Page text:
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I often hear about subatomic particles having a property called "spin" but also that it doesn't actually relate to spinning about an axis like you would think. Which particles have spin? What does spin mean if not an actual spinning motion?

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Was there something in particular you didn't understand in the wikipedia article? en.wikipedia.org/wiki/Spin_%28physics%29 –  j.c. Nov 2 '10 at 19:11
If a little historical perspective would help, I recommend this series by Nature on the effect that studying "spin" has had on the world of particle physics (and vice-versa). –  Herb Nov 2 '10 at 19:18
@j.c.: Does it matter if there was or wasn't? I was under the impression that we answered questions regardless of whether or not they have been answered in other sites, unless you're just asking to see if there's a specific property of spin the asker wants explained in detail. –  Mana Nov 2 '10 at 19:43
@Mana, I agree, which is why I didn't vote to close. I tend to think my time answering questions is best spent if I'm writing the answer at a level the questioner might understand. –  j.c. Nov 3 '10 at 14:24
I don't like the subatomic tag here. Is particle-physics more appropriate? –  Nick Nov 3 '10 at 16:34

3 Answers 3

up vote 25 down vote accepted

Spin is a technical term specifically referring to intrinsic angular momentum of particles. It means a very specific thing in quantum/particle physics. (Physicists often borrow loosely related everyday words and give them a very precise physical/mathematical definition.)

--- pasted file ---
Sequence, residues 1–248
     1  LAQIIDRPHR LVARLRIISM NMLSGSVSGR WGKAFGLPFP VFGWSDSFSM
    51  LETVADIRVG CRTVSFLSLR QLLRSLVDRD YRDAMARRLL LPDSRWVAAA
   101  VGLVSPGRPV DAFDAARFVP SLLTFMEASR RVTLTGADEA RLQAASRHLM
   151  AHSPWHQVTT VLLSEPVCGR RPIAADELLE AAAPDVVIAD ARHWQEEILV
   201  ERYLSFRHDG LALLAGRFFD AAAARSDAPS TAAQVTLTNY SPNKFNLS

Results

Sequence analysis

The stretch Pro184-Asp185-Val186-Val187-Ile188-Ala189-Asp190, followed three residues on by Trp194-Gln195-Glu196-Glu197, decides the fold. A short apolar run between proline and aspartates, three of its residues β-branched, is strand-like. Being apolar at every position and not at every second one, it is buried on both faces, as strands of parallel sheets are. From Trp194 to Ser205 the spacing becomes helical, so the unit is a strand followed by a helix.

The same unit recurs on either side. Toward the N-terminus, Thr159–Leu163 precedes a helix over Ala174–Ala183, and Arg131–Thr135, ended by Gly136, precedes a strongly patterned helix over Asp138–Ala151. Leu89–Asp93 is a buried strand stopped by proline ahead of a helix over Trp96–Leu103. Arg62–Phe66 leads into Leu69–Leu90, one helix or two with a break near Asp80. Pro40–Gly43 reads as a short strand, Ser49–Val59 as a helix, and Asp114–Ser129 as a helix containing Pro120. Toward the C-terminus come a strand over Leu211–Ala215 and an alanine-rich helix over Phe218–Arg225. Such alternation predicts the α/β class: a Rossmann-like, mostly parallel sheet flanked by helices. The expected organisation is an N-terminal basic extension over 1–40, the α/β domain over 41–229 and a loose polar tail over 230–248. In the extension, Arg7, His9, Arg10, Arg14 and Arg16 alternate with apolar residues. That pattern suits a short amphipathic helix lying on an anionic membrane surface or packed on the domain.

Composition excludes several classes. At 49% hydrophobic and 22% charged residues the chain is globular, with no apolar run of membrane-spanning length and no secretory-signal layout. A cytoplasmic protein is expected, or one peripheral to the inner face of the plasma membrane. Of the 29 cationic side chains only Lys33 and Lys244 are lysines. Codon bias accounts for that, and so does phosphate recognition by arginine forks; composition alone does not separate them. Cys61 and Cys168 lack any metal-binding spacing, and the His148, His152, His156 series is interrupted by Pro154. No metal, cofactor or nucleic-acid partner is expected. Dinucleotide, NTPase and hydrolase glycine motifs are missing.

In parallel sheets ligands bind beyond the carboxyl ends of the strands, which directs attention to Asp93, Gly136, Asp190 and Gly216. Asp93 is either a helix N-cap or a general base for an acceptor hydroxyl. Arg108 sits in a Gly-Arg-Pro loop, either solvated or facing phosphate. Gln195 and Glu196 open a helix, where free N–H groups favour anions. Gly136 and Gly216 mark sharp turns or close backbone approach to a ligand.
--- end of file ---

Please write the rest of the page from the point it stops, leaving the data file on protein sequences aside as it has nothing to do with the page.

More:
Since truly fundamental particles (e.g. electrons) are point entities, i.e. have no true size in space, it does not make sense to consider them 'spinning' in the common sense, yet they still possess their own angular momenta. Note however, that like many quantum states (fundamental variables of systems in quantum mechanics,) spin is quantised; i.e. it can only take one of a set of discrete values. Specifically, the allowed values of the spin quantum number s are non-negative multiples of 1/2. The actual spin momentum (denoted S) is a multiple of Planck's constant, and is given by $S = \sqrt{s (s + 1)}$.

When it comes to composite particles (e.g. nuclei, atoms), spin is actually fairly easy to deal with. Like normal (orbital) angular momentum, it adds up linearly. Hence a proton, made of three constituent quarks, has overall spin 1/2.

If you're curious as to how this (initially rather strange) concept of spin was discovered, I suggest reading about the Stern-Gerlach experiment of the 1920s. It was later put into the theoretical framework of quantum mechanics by Schrodinger and Pauli.

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I don't think electron are fundamental particles in the standard model. Also to my knowledge they are not point like. –  Albert Nov 2 '10 at 19:53
@Albert: They most certainly are! There are fringe theories which consider them composite particles, but the standard model of particle physics and most extensions of the theory consider them fundamental point particles. –  Noldorin Nov 2 '10 at 19:54